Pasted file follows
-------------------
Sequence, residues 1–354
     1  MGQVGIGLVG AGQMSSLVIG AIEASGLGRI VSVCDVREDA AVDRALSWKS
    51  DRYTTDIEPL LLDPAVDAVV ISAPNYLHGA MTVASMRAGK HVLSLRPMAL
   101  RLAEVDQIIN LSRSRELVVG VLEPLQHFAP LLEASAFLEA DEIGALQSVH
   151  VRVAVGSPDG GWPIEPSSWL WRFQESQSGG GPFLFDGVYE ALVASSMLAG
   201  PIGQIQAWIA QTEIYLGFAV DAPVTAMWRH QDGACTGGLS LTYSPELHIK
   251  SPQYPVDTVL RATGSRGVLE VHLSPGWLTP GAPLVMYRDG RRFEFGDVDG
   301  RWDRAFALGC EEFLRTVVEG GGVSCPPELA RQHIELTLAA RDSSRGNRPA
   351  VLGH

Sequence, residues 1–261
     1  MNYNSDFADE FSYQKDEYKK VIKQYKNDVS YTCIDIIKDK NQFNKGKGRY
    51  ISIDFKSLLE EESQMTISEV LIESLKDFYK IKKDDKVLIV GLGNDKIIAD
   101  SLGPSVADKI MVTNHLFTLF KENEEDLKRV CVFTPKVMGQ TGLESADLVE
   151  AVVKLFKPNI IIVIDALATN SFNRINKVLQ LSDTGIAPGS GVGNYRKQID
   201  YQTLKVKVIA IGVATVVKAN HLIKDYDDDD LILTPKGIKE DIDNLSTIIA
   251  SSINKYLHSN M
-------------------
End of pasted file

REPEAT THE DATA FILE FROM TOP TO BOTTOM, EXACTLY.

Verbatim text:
Sequence, residues 1–354
     1  MGQVGIGLVG AGQMSSLVIG AIEASGLGRI VSVCDVREDA AVDRALSWKS
    51  DRYTTDIEPL LLDPAVDAVV ISAPNYLHGA MTVASMRAGK HVLSLRPMAL
   101  RLAEVDQIIN LSRSRELVVG VLEPLQHFAP LLEASAFLEA DEIGALQSVH
   151  VRVAVGSPDG GWPIEPSSWL WRFQESQSGG GPFLFDGVYE ALVASSMLAG
   201  PIGQIQAWIA QTEIYLGFAV DAPVTAMWRH QDGACTGGLS LTYSPELHIK
   251  SPQYPVDTVL RATGSRGVLE VHLSPGWLTP GAPLVMYRDG RRFEFGDVDG
   301  RWDRAFALGC EEFLRTVVEG GGVSCPPELA RQHIELTLAA RDSSRGNRPA
   351  VLGH

Sequence, residues 1–261
     1  MNYNSDFADE FSYQKDEYKK VIKQYKNDVS YTCIDIIKDK NQFNKGKGRY
    51  ISIDFKSLLE EESQMTISEV LIESLKDFYK IKKDDKVLIV GLGNDKIIAD
   101  SLGPSVADKI MVTNHLFTLF KENEEDLKRV CVFTPKVMGQ TGLESADLVE
   151  AVVKLFKPNI IIVIDALATN SFNRINKVLQ LSDTGIAPGS GVGNYRKQID
   201  YQTLKVKVIA IGVATVVKAN HLIKDYDDDD LILTPKGIKE DIDNLSTIIA
   251  SSINKYLHSN M